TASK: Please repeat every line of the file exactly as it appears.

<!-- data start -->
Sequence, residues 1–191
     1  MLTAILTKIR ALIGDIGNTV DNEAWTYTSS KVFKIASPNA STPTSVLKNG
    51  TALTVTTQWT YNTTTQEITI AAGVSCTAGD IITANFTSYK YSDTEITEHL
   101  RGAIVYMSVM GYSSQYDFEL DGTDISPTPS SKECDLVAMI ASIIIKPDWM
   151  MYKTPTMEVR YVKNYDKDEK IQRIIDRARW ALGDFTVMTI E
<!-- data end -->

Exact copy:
Sequence, residues 1–191
     1  MLTAILTKIR ALIGDIGNTV DNEAWTYTSS KVFKIASPNA STPTSVLKNG
    51  TALTVTTQWT YNTTTQEITI AAGVSCTAGD IITANFTSYK YSDTEITEHL
   101  RGAIVYMSVM GYSSQYDFEL DGTDISPTPS SKECDLVAMI ASIIIKPDWM
   151  MYKTPTMEVR YVKNYDKDEK IQRIIDRARW ALGDFTVMTI E